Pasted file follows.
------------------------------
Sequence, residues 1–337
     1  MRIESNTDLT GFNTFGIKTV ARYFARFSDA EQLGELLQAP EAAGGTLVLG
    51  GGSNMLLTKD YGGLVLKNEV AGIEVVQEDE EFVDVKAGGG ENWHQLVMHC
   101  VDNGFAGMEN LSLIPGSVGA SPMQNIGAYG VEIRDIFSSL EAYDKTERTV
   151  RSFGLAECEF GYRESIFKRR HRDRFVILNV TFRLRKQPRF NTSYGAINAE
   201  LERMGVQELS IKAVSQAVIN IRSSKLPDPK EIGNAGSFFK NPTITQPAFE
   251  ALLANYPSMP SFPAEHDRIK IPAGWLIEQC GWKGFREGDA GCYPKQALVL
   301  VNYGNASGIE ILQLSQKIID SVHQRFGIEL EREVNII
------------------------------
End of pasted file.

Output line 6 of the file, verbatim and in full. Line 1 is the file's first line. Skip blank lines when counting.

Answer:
   201  LERMGVQELS IKAVSQAVIN IRSSKLPDPK EIGNAGSFFK NPTITQPAFE